Thursday, July 7, 2022
BusinessUniversity of Dundee given funding to improve scientific infrastructure from UK Government

University of Dundee given funding to improve scientific infrastructure from UK Government

THE UNIVESRITY of Dundee has been awarded over £1m to improve scientific infrastructure as part of a £213m funding from the UK Government.

The money is aimed to equip universities and research institutes with the technology and materials needed to drive research to help achieve the net zero carbon emissions.

They have received £808,000  to  purchase mass spectrometers and key computational resources required to support the research.

While a further £249,000 was awarded to obtain the necessary equipment to digitise international important  archives and media collections.

Dundee University Campus - Education News Scotland
Dundee School of life Sciences one of the many buildings that carries out ground breaking research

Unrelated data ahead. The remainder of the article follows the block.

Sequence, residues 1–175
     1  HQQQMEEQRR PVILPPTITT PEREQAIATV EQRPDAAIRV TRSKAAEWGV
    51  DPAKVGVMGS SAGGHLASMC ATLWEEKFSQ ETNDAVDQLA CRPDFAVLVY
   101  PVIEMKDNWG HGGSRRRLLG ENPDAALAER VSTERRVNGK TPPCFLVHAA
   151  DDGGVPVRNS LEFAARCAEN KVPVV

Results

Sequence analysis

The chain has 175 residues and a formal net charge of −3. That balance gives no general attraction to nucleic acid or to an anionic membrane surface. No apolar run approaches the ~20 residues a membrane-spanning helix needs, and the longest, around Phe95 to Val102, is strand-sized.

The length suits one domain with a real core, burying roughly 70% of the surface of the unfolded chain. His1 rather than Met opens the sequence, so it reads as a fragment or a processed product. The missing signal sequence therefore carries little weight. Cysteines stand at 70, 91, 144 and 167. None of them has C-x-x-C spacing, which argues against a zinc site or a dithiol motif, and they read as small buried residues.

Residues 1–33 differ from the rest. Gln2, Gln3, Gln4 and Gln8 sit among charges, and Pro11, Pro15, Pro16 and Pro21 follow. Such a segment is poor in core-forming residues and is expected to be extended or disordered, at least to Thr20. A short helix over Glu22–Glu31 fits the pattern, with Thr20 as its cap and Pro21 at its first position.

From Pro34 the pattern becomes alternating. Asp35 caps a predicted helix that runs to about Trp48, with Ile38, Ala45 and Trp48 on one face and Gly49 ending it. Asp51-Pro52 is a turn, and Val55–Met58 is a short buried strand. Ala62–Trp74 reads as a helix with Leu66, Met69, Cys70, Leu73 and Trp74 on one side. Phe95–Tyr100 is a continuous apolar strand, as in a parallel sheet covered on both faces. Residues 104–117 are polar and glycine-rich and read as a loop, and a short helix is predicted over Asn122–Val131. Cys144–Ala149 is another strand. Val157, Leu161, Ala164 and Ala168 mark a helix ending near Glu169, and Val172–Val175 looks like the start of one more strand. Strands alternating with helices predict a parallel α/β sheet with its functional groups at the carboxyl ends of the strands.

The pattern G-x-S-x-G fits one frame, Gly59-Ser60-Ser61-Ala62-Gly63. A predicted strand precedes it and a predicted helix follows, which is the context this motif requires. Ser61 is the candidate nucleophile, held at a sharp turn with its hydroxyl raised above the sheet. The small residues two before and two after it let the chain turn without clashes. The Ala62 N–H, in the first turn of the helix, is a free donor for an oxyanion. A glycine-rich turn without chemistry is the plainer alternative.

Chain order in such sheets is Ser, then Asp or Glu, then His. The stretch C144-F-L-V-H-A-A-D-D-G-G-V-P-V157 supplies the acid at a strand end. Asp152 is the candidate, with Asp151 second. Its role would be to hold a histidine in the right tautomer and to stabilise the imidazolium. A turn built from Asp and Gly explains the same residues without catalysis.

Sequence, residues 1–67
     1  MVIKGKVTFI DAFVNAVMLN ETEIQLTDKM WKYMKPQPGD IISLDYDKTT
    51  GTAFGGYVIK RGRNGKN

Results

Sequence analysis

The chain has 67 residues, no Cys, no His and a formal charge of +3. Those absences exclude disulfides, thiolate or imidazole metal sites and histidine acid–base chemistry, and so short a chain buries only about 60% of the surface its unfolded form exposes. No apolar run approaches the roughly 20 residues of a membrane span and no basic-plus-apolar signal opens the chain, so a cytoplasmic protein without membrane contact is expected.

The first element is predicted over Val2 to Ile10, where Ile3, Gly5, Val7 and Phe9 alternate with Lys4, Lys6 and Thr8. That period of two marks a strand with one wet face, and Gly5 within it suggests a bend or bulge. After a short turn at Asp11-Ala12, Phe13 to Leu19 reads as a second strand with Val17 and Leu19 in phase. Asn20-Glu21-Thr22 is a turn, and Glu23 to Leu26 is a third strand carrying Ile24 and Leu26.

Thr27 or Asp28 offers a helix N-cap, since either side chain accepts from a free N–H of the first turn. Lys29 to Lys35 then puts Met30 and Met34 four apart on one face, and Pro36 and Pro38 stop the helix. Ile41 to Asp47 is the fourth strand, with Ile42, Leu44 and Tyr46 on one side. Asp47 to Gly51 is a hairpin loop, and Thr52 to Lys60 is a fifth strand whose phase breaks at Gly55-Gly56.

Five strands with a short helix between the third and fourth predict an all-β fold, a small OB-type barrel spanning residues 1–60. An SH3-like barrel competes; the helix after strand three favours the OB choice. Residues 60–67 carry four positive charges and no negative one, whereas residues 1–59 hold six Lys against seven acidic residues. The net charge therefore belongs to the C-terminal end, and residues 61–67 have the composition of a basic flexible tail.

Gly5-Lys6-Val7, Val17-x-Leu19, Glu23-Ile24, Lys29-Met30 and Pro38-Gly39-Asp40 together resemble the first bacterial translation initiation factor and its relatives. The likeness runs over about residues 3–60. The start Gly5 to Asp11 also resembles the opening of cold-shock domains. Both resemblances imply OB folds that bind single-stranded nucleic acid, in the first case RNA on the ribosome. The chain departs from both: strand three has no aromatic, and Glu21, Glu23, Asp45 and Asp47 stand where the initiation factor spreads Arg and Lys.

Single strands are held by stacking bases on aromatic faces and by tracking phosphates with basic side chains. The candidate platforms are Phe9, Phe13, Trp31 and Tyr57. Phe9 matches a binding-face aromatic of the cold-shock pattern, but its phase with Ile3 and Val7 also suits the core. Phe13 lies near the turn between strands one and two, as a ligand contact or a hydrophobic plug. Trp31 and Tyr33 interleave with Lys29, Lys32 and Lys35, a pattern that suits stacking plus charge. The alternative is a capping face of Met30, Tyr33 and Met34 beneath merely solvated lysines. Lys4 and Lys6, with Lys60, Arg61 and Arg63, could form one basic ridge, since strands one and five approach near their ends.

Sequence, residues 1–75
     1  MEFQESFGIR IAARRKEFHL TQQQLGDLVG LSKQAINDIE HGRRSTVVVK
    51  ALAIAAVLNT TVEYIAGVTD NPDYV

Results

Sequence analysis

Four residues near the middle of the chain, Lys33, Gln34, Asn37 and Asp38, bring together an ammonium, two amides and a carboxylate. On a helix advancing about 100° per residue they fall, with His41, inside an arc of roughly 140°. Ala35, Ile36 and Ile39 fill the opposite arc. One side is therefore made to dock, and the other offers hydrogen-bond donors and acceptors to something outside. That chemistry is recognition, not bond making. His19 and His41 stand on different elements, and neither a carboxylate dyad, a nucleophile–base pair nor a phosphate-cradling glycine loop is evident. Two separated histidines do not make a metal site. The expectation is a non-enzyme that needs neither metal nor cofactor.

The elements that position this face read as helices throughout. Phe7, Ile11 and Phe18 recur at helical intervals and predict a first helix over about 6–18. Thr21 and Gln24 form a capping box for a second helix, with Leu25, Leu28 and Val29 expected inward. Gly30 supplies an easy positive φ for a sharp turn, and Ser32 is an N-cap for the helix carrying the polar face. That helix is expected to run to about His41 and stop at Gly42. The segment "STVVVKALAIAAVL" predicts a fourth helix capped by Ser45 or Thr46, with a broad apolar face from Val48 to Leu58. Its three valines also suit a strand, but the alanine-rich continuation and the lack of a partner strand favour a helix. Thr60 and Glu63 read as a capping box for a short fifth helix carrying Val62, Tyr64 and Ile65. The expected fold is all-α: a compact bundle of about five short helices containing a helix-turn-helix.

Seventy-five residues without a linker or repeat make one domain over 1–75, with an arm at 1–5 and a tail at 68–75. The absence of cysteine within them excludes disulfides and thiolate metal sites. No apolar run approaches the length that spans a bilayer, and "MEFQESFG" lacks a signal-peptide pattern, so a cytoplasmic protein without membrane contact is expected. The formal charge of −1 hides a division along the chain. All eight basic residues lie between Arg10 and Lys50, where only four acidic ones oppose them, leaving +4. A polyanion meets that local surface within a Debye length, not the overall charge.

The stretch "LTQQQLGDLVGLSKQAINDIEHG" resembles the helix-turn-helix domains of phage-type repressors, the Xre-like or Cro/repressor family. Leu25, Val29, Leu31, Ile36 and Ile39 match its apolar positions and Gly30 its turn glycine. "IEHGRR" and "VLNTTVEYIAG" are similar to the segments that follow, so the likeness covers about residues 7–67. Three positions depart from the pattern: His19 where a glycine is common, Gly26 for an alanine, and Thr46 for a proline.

Dundee will be sharing the total of £2.8m with the University of Glasgow and Edinburgh’s medical research unit for buying  microscopes and support Covid-19 research and long term research programmes.

Professor Dario Alessi, Director of the MRC-PPU, said: “We are immensely appreciative for this generous funding, especially during such challenging times. This has allowed us to purchase a state-of-the-art new mass spectrometer and other instruments to undertake biophysical analysis. This apparatus will help our investigators to better probe the biological mechanisms underlying diseases including cancer, and Parkinson’s.”

Professor Ottoline Leyser, Chief Executive of UKRI, said, “Some of the most innovative ideas with transformative R&D potential require access to leading-edge infrastructures, including national research facilities, equipment and instrumentation, networks of technologies and digital infrastructures, and knowledge-based resources such as collections and museums.

“Outstanding infrastructure helps to convene talent from the public and private sectors and across disciplines to tackle society’s most complex challenges. It acts as a magnet for researchers and innovators internationally, contributes to local and national economies, and generates knowledge and capability critical to UK policy, security and wellbeing.”

Related Stories